Praying For The Good Of It

Last year I discovered afresh the power of prayer. I set aside my lunch hour on Fridays to pray and fast.

Picture over my Grandfather table

They were often sweet times of communion with my Father. One hour regularly turned into two. I often eagerly anticipated those hours. Though I wasn’t extremely legalistic about the time frame, for me it was something I was delighted to do; to miss one was to miss a rich experience.

At the start of 2013, I decided to recommit to pray on Fridays. Why not? Surely continuing such a life-giving exercise would be simple, right? Well it’s now March and though I have generally stuck with the time commitment, I have to admit it feels more like discipline than ever before. The choice to give high priority time to prayer is surprisingly challenged by competing voices and opportunities. What is it going to take for me to consistently pray with some of my best time?

“To begin anything with prayer – and to continue even when things are going well – is a discipline.” Galen Burkholder – General Director of Global Disciples

There are many things I do not because I feel like doing them, but because I know they are good for me. Prayer is one of them. But I needed some inspiration to continue on. So I decided to reread E.M. Bounds’ book The Power of Prayer from the 60’s it’s full of good stuff; here are some nuggets to keep you praying (if nothing else the language makes me smile – when was the last time you used the word “fructifies?”).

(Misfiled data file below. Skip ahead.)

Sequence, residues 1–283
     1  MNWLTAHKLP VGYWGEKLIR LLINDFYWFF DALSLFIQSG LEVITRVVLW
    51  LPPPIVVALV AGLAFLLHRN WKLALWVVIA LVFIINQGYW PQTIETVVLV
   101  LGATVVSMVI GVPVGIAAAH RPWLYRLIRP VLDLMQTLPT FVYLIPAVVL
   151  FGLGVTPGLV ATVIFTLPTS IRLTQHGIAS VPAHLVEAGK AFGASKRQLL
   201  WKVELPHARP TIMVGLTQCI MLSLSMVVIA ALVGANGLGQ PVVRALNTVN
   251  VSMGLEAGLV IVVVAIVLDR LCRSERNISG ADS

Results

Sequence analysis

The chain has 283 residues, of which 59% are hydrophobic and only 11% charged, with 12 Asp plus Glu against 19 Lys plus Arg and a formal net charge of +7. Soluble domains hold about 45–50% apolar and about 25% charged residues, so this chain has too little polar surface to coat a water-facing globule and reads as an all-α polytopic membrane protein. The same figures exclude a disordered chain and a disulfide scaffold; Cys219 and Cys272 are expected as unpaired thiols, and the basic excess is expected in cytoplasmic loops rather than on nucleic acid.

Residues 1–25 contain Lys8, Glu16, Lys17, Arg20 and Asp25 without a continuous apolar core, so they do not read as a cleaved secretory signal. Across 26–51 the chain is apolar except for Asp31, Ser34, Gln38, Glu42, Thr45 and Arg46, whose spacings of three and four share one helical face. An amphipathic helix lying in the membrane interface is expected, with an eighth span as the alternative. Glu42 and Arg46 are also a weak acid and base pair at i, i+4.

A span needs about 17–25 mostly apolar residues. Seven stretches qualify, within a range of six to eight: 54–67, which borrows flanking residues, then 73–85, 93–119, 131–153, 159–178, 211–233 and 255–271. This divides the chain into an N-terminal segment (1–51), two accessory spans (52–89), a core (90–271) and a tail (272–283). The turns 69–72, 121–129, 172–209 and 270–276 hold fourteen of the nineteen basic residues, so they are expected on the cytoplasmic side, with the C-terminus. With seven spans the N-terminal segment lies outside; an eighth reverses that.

Prayer fuels us

“Preaching is not the performance of an hour. It is the outflow of a life. It takes twenty years to make a sermon, because it takes twenty years to make the man.” E.M. Bounds

Prayer prepares us

“Prayer – secret, fervent, believing prayer – lies at the root of all personal godliness. A competent knowledge of the language where a missionary lives, a mild and winning temper, a heart given up to God in closet religion – these, these are the attainments which, more than all knowledge, or all other gifts, will fit us to become the instruments of God in the great work of human redemption.” Carey Brotherhood, Seramore

Prayer refreshes us

“Prayer freshens the heart…keeps it in tune with God and in sympathy with the people, lifts his ministry out of the chilly air of profession, fructifies routine and moves every wheel with the facility and power of a divine unction.” E. M. Bounds


We all want to lead well. We all desire to see change in the lives of those we influence. In prayer lies a secret power, believe that today! Let’s not get busier by studying harder and working more hours. I challenge you to pray more even when it seems counterintuitive and a strange use of time.

Let’s be a little more like the great church leaders of the past who “…prayed not occasionally, not a little at regular or at odd times; but they so prayed that their prayers entered into and shaped their characters; they so prayed as to affect their own lives and the lives of others; they so prayed as to make the history of the Church and influence the current of the times. They spent much time in prayer, not because they marked the shadow on the dial or the hands on the clock, but because it was to them so momentous and engaging a business that they could scarcely give over.” E.M. Bounds

Why do you stick with prayer?



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